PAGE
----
The Inn at the End of the World
"[A] man . . .the other day pointed out that I was never bored. I hadn’t thought of that before, but it’s true: I’m never bored. I’m appalled, horrified, angered, but never bored. The world appears to me so infinite in its variety that many lifetimes could not exhaust its interest. So long as you can still be surprised, you have something to be thankful for." -Theodore Dalrymple
Tuesday, June 17, 2014
I have been called to account for failing in The Inn's self-appointed task of alerting all and sundry to the approach of Friday the 13th. (Well, with the demise of Pogo someone had to.) And this month Friday the 13th fell particularly inauspiciously on a Friday. That was 4 days ago and your servant failed in his mission. No mention in The Inn. Even Homer nods and your servant isn't even Helen Steiner Rice.
So apparently if you inadvertently walked under a black cat or broke a ladder or something and are now experiencing the requisite 7 years of bad luck, it's my fault. I do apologize.
Looking on the bright side, though, you've only got 6 years, 11 months, and 13(!) days of bad luck left.
(I shall try to more vigilant in the future, Richard.)
Monday, June 09, 2014
A "less than ringing endorsement"
Humility is the first of the virtues, so say the spiritual writers. Pipers, I'm told, are also occasionally in need of lessons in humility. One James Ritchie received such on 6 April 1739 in a petition from his father to the Town Councillors who employed James Smith as their town piper:
Unto the Council of Peebles shews your ser[vant] John Ritchie That whereas I have put my son to learn to play on the pipes to your piper he not being fit for other work, and I not being able to buy him a pair of pipes Beseeches your Honours to give me some small thing to the end fore[said].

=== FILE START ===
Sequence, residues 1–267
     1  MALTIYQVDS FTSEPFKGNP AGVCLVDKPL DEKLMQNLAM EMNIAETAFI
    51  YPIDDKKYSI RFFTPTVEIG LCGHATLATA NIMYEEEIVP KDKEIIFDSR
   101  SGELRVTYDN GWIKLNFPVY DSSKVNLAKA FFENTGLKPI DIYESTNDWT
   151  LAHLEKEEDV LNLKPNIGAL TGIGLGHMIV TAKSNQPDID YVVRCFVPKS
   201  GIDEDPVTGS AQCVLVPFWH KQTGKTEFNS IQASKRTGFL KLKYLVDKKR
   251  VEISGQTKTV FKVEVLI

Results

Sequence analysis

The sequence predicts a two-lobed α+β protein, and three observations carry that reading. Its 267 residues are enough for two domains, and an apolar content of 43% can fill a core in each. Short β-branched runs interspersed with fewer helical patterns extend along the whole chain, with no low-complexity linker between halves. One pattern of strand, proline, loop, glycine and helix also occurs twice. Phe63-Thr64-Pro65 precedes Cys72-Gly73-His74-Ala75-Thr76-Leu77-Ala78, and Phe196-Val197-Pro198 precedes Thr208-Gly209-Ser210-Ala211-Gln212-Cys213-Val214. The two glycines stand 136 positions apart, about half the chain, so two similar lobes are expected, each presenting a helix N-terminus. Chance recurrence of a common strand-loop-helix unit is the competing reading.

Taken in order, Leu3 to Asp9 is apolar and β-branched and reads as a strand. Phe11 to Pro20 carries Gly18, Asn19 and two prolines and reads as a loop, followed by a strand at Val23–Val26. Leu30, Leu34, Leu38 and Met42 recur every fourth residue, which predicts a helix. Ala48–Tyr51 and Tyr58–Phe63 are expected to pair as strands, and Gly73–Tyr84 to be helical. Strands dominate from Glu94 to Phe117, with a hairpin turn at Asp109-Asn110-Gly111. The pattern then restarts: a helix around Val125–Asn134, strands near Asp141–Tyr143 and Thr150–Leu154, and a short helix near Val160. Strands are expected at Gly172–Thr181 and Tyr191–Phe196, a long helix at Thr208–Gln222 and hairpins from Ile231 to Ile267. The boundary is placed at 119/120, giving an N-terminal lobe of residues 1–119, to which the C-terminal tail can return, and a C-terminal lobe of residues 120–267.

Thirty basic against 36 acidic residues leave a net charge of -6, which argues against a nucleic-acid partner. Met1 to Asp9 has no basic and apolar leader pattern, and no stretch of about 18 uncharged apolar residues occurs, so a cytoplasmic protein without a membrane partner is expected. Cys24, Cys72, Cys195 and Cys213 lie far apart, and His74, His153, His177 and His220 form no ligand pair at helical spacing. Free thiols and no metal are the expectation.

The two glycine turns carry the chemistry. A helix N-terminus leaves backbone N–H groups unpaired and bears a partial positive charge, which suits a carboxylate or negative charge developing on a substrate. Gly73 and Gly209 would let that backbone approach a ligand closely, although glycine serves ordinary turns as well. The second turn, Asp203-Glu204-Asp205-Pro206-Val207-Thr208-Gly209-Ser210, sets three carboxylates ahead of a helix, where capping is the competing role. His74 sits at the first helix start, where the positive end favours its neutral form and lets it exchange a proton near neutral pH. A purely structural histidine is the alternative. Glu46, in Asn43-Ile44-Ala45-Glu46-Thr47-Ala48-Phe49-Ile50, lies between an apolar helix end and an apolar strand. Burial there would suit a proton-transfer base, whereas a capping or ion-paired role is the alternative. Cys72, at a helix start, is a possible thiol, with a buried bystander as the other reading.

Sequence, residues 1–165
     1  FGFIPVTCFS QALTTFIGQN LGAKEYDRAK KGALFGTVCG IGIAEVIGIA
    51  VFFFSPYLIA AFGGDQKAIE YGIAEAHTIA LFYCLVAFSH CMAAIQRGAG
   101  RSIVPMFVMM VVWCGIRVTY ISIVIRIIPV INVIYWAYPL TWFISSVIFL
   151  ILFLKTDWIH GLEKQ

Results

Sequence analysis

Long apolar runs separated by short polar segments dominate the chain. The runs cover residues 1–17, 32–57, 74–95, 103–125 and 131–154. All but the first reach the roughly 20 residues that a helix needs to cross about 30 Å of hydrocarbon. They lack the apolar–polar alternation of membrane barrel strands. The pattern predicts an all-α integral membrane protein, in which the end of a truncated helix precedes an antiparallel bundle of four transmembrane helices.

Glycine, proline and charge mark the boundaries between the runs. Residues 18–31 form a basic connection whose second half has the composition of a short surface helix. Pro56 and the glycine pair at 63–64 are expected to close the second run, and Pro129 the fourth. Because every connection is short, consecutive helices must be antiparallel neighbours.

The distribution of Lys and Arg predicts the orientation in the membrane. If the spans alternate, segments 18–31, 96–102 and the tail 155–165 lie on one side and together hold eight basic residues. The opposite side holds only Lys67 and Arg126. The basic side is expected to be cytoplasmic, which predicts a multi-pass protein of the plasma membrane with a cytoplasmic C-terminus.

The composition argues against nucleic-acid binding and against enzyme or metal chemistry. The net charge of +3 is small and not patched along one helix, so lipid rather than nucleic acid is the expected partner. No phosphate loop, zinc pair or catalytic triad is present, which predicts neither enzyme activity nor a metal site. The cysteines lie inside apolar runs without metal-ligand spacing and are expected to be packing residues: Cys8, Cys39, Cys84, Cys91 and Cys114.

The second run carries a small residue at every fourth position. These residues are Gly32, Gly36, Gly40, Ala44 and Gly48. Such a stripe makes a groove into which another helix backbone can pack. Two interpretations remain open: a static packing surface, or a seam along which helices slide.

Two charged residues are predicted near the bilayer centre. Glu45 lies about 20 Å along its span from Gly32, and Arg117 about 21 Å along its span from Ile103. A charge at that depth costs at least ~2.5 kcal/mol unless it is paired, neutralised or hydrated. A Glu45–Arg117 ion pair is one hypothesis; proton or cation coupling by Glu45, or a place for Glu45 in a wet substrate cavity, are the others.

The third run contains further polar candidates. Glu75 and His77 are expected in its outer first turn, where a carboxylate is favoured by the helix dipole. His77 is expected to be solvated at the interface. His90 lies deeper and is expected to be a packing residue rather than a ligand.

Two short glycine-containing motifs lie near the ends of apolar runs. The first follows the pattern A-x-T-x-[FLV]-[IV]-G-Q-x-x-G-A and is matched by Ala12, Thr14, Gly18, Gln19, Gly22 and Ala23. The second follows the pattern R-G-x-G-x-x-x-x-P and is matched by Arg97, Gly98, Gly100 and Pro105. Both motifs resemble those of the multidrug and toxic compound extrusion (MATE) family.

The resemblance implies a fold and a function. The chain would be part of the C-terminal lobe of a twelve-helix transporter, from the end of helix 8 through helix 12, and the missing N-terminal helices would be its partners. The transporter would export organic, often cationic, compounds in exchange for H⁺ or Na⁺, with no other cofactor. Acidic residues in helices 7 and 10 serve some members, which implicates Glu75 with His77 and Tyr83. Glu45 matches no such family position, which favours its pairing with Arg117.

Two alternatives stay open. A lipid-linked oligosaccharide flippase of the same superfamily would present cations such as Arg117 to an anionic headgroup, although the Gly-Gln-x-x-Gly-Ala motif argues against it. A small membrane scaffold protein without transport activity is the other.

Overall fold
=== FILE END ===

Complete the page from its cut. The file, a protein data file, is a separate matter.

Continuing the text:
That "he not being fit for other work" must have done the trick for the Council record is endorsed:
The Council grants Warrant to their treasurer to give the petitioner John Ritchie five Shillings Ster for the use mentioned in the petition.
(from Keith Sanger's article on the history of Peebles Burgh pipers in the June 2014 number of Common Stock, the journal of the Lowland and Border Pipers Society.)
St Columba of Iona, the Apostle of Scotland
Today is the feast of St Columba or Colum Cille, if you prefer. He is on the liturgical calendars of Scotland and Ireland but he didn't quite make the cut in the United States.
The Inn had this to say about St Columba a few years ago. The Catholic Encyclopædia has a detailed life here. Perhaps the best things on the web on St Columba can be found at the Trias Thaumaturga blog. You could start here but you don't have to stop there. A little searching reveals a lot more.
Labels: Ecclesia Hiberniæ
Tuesday, June 03, 2014
From this morning's reading
The LORD is King, be the people never so impatient; * he sitteth between the Cherubim, be the earth never so unquiet.
-- Ps 99
From Romano Guardini's "The Rosary of Our Lady":